The annual Volunteering in America report for 20111 was released earlier this week and has some interesting stats on the state of volunteerism in the US. The report, released by the Corporation for National and Community Service each year, is the most comprehensive longitudinal look at volunteering in the United States, spanning over a decade of service data.
The report is a great research-based resource for trends that can help you target your volunteer recrtuiment efforts (i.e., focus your recrtuiment campaign on 35-44 year olds, since they have the highest volunteer rates), compare how you are doing (i.e., by comparing your average annual volunteer hours with your state's average), or set realistic goals for your program (i.e., base your retention goals on average retention rates for your state). It also debunks many a myth about volunteering (i.e., poverty rates have a significant negative effect on volunteer rates).
- The national volunteer rate has remained at a steady 26% for the past five years (ranging from 26.2% to 26.8% during those years).
- In 2010, the rate for rural volunteers was highest (27.9%), with suburbans running a close second (27.5%), and urbans lagging behind (22.9%).
- The median hours volunteers served in 2010 was about the same for urban (51 hours) as it was for rural and suburban (both at 52 hours)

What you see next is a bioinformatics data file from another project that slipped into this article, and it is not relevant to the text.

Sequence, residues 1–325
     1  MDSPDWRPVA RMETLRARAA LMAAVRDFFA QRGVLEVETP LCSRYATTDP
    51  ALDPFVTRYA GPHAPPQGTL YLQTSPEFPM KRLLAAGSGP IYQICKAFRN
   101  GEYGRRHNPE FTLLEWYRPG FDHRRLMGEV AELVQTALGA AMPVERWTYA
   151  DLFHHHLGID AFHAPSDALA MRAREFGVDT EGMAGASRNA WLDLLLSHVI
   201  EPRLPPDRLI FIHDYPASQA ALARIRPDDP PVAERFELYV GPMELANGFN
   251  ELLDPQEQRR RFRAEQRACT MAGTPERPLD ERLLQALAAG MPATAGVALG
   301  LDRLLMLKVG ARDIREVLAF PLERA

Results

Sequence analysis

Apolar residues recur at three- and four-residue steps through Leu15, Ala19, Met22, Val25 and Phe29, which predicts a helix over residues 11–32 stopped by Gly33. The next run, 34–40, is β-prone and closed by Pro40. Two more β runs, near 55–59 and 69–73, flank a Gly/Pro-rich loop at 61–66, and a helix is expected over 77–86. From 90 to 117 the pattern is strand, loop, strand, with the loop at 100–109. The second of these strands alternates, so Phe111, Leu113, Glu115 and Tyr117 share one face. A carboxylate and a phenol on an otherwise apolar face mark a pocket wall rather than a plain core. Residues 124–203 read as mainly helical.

- The largest percentage of volunteers continue to serve at religious organizations (35% from 2008 to 2010). Volunteers also favored serving in educational settings (26.7% from 2008 to 2010)
- The top three factors that influenced volunteer rates were 1) percent of residents with a high school degree (85.3%), 2) home ownership rate (65.9%), 2) multi-unit housing rate (32.7%)
- The poverty rate had a minimal affect on volunteer rates (14.3%) as did the unemployment rate (9.8%)
- in 2010, 64.5% of volunteers maintained their service for at least a year.
Share the Data for Your Area
There are some cool ways you can customize and share the info with your volunteers, board, supporters, or executive management. If you are interested in data trends for your region, state, or large- to mid-size city, you can visit the Volunteering in America data page to create customized reports for your specific geographic area. You can also download a state widget to post on your website or share through social media. The widget lists the selected state’s ranking and includes a web link to additional info. You can also grab code to embed the infographic below in your newlsetter, blog, or website.
1The Volunteering in America report is developed through a partnership between the Corporation for National and Community Service (CNCS), the U.S. Census Bureau, and the Bureau for Labor Statistics. Volunteering data is collected annually through the Current Population Survey’s (CPS) Supplement on Volunteering, a monthly survey of about 60,000 households (approx. 100,000 adults), conducted by the U.S. Census Bureau for the Bureau of Labor Statistics. Volunteers are defined as people over age 15 who perform unpaid volunteer tasks on behalf of an organization.